Less machine troubleshooting, more operator troubleshooting

So recently I noticed that I was getting some pretty serious gouging in my spoilboard that I never used to get. Same zeroing procedure, no new bits, programs that were proven good…I couldn’t figure it out.

I thought long and hard and realized the issue started when I started using these cam clamps I made.

So I took a closer look at the clamp situation and discovered my problem

The bolts I was using are 1/8" too long and were lifting up my spoilboard!

Moral of the story, the machine is only as good as it’s input and this monkey in shoes is still learning!



Great story, thanks for sharing! I’ve tried just about every clamping system, and or rig out there… why? Well, why not. You don’t know if what your’re using is as good as what you’re not using; until you give it a ‘go’

Sometimes we improvise along the way and discover better ways of doing things. And my all time favorite: we soak up as much as possible from monkeys who share their missteps on forums.

P.S. Keep those shoes shined, okay.



I have done the something. I have changed my table so the holes extend through my table so the screws will not bottom out it also keeps the dust from collecting in the hole and causing the same issue.

I did something similar to scottjritt but I put the threaded inserts in the table under the waste board and then used the screws through the wasteboard into the table below to hold the waste board in place, 125 of them total. When I need to clamp something I can remove one of the screws from the appropriate location where I need to attach the clamp or fixture and then reinstall it through the clamp or fixture. This also ensures the bit can’t hit the threaded inserts unless I did something really wrong and cut all the way through my wasteboard.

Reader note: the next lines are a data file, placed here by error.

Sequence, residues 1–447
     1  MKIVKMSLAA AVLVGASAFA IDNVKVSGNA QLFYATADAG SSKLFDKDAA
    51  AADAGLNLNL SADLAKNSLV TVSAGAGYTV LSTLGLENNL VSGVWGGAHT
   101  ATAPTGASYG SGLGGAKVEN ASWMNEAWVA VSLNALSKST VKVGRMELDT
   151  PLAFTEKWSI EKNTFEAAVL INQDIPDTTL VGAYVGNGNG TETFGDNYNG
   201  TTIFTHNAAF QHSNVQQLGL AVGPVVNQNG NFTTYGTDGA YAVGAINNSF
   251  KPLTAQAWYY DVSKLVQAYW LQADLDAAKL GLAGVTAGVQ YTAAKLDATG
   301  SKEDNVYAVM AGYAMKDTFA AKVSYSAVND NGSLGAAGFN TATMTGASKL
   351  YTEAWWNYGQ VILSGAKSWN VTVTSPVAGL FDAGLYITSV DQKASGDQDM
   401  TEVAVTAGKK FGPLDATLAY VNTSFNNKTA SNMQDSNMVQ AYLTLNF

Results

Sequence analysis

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I built a torsion box table and so I’m really not wanting to fill it full of holes. I will likely use my current spoilboard as a base for the new one when I get to that point and then bolt length will matter less.

Same here, I built a torsion box for it… although I’ll need to make a new one when the journeyman at some point.

Yes I will also have to build a new table for the journeyman also. LOL

OE, or Operating Experience.

You share what you know or learned works or didn’t work from past jobs so others can learn from your successes and mistakes. Both have value.

Too often we only share what went right. It’s difficult to say something went wrong and it may have been your fault. But those are some of the lessons that stick with us the longest.

When you’re about to hit the START button and your Spidey Sense goes off don’t be afraid to stop and double check everything and ask yourself this question; “what could go wrong?”.

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